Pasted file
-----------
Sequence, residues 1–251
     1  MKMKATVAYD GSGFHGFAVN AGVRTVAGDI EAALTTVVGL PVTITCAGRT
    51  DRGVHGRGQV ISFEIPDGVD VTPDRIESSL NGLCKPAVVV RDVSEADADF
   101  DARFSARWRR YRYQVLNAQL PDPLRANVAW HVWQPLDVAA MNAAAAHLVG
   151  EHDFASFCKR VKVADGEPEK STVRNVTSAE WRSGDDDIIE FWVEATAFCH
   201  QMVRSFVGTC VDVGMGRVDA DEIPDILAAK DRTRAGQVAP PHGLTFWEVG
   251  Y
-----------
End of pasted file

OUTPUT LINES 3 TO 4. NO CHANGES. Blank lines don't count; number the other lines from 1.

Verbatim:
    51  DRGVHGRGQV ISFEIPDGVD VTPDRIESSL NGLCKPAVVV RDVSEADADF
   101  DARFSARWRR YRYQVLNAQL PDPLRANVAW HVWQPLDVAA MNAAAAHLVG